wp home > general info > blast 2009-03-27The Weekly Blast: March 27, 2009
CELEBRATION OF WRITING - MAY 13, 2009 from 11:30-3:00pm:
Spring is near and so is the CELEBRATION OF WRITING: WRITING THE FUTURE NOW. Plan to attend the Writing Program’s 4th annual Celebration of Writing.
EXERCISE OF THE WEEK:
This week we bring you an exercise from the archives. “Adding to a Conversation: Re-Seeing the Draft” enables students to re-see their drafts in terms of audience. For the full details of this exercise click here.
BEST TEXT CONTEST—DEADLINE APRIL 10, 2009:
Please be sure to submit essays for the Best Text Contest. There will be 1st, 2nd, and 3rd place awards for essays written in Basic Writing and College Writing. We will also be awarding a prize for the Best non-traditional essay form. Check out the Writing Program website for more details or see Peggy or Heidi.
TECH FELLOWS PRESENTATION – TUESDAY, APRIL 21 @ 4:00pm:
Interested in thinking about the ways technologies shape your teaching? Thinking about the digital literacies students bring to our writing classes? Want to hear more about the projects Tech Fellows are working through this semester? If so, please join us for conversation on 4/21 in Bartlett 101 at 4:00! The Tech Fellows will describe the projects they are working through this semester and if there’s time will discuss teaching with emerging technologies in general. This would be a great opportunity to hear about some interesting classroom practices and projects. Come to find out more about Tech Fellows!
DIVERSITY ON TAP!
All TO’s Welcome!
Thursday, April 2 at 8:00, the Diversity Tap will meet at
The Moan & Dove in Amherst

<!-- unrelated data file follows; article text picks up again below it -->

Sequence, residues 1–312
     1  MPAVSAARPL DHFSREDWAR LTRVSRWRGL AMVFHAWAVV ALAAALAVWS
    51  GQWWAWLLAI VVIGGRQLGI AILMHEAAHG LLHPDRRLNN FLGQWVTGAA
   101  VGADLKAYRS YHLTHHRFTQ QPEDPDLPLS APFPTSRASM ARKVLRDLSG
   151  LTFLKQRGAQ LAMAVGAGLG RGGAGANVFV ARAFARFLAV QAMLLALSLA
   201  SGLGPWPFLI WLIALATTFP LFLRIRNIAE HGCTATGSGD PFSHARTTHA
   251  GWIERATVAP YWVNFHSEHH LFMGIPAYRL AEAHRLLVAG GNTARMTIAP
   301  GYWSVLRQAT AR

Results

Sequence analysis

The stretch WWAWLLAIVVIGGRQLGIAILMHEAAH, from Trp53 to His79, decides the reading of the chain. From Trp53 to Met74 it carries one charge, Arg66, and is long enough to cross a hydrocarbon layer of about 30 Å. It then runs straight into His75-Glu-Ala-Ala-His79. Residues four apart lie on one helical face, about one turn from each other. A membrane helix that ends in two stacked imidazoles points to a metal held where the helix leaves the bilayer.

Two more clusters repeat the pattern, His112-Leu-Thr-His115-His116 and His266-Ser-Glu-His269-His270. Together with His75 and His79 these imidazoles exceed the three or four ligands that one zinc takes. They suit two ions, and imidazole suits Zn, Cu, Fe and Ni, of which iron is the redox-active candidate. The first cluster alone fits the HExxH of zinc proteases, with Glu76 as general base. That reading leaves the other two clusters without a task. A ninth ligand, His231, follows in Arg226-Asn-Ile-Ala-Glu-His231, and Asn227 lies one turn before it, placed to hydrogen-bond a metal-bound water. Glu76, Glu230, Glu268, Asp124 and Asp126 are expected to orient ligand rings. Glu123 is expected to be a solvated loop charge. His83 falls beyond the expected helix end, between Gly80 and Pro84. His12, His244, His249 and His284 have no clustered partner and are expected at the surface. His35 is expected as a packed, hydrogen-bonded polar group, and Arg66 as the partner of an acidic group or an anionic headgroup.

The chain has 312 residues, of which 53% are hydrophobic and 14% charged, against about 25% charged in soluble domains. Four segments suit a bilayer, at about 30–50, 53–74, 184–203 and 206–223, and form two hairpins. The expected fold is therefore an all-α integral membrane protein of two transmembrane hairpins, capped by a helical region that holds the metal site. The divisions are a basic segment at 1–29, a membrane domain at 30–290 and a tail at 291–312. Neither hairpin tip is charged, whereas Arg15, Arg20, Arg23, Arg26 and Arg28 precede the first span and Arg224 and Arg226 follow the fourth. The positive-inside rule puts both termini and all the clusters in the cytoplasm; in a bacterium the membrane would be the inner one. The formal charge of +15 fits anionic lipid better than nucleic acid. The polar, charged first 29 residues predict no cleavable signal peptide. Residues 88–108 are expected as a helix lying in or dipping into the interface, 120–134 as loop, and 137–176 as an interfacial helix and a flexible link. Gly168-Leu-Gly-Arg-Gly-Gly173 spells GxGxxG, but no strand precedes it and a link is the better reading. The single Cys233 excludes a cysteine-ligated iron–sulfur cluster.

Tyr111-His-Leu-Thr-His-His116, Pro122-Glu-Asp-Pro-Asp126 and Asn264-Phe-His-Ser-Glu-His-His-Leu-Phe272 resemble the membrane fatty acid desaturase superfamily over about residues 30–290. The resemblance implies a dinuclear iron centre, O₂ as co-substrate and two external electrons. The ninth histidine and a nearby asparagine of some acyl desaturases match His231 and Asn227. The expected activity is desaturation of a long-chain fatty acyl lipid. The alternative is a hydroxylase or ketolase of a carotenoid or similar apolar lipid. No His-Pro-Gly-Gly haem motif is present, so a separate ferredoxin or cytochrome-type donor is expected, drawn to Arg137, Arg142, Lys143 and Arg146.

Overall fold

Join members of the Diversity Committee to discuss issues related to writing and the classroom every Thursday evening! Bring questions, concerns, and classroom situations and enjoy a lively discussion!
INFORMAL MID-SEMESTER TEACHING EVALUATIONS:
This week we reached the mid-point of the semester. Although the students will do final course evaluations at the end of the semester it is useful to receive some feedback when we can actually make some changes during the semester. Generally students can give us some useful responses that enable us to make improvements – small or large – for the remainder of the class. It is also important for students to see how they experience the structure of the course, the activities, the assignments, and our teaching. It enables them to see that they are a part of the class and that we are trying to teach to their needs.
There are many ways to do these evaluations. I think we would all agree that asking the students questions such as “Am I doing okay?” or “Do you like me?” is not useful. As with reflection letters and peer response, students will need some questions/prompts to guide their responses. Included here are sample questions. You may want to use all of these questions or adapt them. It is important to keep in mind you want to ask questions that will elicit the information that will enable you to gauge how the class is going. It is also important to keep in mind that you need to ask questions about things you are actually willing to change.
There are many ways to do these evaluations. We would all agree that asking the students questions such as “Am I doing okay?” or “Do you like me?” is not useful. As with reflection letters and peer response, students will need some questions/prompts to guide their responses. Included here are sample questions. You may want to use all of these questions or adapt them. It is important to keep in mind you want to ask questions that will elicit the information that will enable you to gauge how the class is going. It is also important to keep in mind that you need to ask questions about things you are actually willing to change.
Please remember these mid-semester evaluations are for your use only. They won’t be turned into the Writing Program Office or read by anyone other than you. However, I would encourage you to show them to your Resource Staff mentors and/or course directors. Sometimes someone outside of the class can help us interpret our students’ comments and brainstorm with us for ways to make changes in the class.